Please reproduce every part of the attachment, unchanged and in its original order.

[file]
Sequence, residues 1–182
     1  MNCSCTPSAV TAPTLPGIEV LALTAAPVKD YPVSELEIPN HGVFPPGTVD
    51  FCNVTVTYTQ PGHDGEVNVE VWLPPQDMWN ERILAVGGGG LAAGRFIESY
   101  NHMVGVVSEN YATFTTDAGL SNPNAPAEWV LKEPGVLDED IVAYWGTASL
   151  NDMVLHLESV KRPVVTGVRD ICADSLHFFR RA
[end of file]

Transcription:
Sequence, residues 1–182
     1  MNCSCTPSAV TAPTLPGIEV LALTAAPVKD YPVSELEIPN HGVFPPGTVD
    51  FCNVTVTYTQ PGHDGEVNVE VWLPPQDMWN ERILAVGGGG LAAGRFIESY
   101  NHMVGVVSEN YATFTTDAGL SNPNAPAEWV LKEPGVLDED IVAYWGTASL
   151  NDMVLHLESV KRPVVTGVRD ICADSLHFFR RA